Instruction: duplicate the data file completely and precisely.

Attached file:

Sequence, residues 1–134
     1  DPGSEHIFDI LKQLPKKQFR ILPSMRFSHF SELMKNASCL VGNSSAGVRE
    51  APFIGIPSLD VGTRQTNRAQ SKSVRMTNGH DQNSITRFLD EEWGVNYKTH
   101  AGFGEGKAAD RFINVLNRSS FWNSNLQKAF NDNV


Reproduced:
Sequence, residues 1–134
     1  DPGSEHIFDI LKQLPKKQFR ILPSMRFSHF SELMKNASCL VGNSSAGVRE
    51  APFIGIPSLD VGTRQTNRAQ SKSVRMTNGH DQNSITRFLD EEWGVNYKTH
   101  AGFGEGKAAD RFINVLNRSS FWNSNLQKAF NDNV